It’s an odd side effect of the internet community, and one that people seldom acknowledge, but it seems to me that fads burn away so quickly that the internet’s generation has become a generation of nostalgics. You’ve seen the “like if you remember ___ ‘ memes. And do you remember? Can you like?
The internet loves to commemorate itself, with the Facebook ‘Look Back’ videos (None of which I’ve seen so I’m just pulling this part out of my ass) being a prime example. Ten years of status’ about your cat don’t really seem worthy of monuments, and I feel like most rational people already get that. Still, the speed with which things change seems to have left us under the impression that all change is significant. The problem of course being, how the hell do we tell what is significant without the benefit of hindsight?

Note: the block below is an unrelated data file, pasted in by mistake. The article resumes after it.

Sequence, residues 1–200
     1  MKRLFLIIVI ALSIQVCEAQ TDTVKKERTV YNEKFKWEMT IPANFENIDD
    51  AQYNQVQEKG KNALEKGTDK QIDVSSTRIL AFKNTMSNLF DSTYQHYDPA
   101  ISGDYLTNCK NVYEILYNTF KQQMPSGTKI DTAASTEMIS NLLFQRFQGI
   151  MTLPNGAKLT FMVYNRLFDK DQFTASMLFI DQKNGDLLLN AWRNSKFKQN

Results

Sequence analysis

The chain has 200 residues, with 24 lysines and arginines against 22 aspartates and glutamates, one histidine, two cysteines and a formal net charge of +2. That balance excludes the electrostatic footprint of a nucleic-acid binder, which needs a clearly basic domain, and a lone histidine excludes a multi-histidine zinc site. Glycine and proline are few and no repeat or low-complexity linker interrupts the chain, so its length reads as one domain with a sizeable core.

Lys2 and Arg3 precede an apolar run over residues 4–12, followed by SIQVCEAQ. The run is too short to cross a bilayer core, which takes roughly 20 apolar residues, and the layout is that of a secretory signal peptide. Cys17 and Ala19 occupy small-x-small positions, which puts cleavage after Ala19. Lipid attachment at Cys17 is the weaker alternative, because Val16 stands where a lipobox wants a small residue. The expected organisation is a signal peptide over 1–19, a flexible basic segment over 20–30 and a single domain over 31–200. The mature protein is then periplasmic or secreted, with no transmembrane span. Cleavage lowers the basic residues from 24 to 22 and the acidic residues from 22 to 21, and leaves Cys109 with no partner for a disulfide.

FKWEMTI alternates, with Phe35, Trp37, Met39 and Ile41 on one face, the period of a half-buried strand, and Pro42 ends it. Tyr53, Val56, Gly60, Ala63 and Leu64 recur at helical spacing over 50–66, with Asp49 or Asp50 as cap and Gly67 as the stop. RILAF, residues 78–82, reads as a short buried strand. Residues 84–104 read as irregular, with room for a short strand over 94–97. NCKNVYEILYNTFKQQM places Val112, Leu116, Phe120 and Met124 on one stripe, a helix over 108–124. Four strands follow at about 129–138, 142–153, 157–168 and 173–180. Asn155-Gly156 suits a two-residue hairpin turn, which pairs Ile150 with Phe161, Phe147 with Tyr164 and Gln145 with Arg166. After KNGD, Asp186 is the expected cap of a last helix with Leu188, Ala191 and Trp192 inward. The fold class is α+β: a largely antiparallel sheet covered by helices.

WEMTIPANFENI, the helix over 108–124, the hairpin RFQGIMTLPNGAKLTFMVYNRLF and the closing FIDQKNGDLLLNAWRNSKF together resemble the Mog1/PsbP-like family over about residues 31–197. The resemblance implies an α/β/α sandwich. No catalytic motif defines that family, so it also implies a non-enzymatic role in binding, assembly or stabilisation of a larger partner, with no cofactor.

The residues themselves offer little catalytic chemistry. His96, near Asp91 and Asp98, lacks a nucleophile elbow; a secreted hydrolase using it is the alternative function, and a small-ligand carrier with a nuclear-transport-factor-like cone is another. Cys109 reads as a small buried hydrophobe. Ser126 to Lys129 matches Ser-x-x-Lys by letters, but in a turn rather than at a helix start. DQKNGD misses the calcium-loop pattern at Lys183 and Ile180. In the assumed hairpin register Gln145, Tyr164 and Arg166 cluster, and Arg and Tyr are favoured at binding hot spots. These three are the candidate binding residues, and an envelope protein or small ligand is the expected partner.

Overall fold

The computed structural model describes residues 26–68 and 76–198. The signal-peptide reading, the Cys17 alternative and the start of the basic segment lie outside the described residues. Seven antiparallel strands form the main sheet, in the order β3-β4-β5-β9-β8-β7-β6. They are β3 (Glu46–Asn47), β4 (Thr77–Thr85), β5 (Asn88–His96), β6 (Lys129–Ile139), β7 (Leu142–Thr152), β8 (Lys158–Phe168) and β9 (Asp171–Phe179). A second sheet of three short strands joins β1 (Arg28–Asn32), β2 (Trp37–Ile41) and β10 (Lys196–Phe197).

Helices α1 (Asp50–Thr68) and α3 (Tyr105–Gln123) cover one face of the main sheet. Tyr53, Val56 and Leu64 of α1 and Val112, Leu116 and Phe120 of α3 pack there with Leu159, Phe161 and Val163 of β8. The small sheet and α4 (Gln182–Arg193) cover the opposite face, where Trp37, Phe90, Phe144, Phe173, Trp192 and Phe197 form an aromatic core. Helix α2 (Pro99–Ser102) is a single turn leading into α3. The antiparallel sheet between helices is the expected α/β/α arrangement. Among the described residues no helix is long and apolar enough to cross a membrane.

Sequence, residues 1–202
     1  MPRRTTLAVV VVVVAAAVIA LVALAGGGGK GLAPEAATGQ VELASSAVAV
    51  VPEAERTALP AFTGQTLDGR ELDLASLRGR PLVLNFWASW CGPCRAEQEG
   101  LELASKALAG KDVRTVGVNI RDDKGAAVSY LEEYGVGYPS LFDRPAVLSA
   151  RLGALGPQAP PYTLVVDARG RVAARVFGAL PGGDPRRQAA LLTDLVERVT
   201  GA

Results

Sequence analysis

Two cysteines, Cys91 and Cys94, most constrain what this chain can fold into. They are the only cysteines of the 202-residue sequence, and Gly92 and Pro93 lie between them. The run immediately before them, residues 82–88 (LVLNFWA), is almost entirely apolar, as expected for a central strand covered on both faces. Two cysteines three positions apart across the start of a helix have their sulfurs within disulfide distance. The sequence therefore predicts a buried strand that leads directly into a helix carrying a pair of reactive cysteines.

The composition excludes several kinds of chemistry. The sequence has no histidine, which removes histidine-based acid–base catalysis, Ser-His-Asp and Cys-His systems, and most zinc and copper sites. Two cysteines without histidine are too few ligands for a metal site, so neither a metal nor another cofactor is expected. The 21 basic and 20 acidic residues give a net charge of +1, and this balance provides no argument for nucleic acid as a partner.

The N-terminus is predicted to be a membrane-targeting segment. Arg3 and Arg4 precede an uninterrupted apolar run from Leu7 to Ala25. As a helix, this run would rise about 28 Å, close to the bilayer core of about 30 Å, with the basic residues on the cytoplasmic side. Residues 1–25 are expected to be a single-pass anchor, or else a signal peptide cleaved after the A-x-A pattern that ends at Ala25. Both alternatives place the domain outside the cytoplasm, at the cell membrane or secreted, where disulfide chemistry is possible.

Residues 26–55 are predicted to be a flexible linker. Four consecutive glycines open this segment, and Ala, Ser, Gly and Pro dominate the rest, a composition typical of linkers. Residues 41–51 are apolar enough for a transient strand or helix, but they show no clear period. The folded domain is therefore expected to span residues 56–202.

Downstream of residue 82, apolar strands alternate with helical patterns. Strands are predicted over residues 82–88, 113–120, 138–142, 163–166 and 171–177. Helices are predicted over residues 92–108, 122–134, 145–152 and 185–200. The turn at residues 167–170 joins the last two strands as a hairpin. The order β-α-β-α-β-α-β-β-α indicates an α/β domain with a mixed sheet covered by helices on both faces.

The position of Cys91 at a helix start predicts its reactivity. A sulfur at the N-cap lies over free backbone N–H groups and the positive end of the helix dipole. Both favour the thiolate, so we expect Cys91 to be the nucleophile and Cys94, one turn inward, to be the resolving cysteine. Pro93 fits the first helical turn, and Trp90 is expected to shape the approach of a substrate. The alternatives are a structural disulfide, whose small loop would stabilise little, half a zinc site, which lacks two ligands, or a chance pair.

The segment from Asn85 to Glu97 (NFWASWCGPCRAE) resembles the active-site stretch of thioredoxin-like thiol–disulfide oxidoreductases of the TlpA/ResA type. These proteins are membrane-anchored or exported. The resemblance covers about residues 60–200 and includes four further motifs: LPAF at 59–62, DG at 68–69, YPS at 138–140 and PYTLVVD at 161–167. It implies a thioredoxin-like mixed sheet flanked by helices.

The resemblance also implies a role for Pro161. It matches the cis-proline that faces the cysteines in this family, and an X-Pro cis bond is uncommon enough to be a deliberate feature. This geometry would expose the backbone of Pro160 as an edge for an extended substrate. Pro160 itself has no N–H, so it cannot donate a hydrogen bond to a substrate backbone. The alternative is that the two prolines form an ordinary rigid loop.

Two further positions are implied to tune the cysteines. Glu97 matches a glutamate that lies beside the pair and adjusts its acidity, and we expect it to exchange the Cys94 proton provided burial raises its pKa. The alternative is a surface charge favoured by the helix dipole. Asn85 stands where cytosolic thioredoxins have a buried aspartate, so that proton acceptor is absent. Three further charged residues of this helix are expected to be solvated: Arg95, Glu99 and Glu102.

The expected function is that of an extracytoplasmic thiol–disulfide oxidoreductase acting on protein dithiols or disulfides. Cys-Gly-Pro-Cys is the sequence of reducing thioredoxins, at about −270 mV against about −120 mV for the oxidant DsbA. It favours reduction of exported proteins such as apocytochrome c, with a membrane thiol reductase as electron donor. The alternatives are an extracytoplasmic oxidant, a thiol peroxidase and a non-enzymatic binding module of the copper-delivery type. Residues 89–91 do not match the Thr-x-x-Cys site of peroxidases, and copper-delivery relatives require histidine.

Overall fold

I don’t know what the time period I’m living through will look like in the history books but I can be reasonably sure that it will look nothing like my scrapbook collage of things I wasted time on. Not to say that I don’t think social networking will be something future students will discuss as a part of our cultural heritage. I’m just saying that painting a me-shaped picture of history is the way nostalgia tends to turn history into petty navel gazing.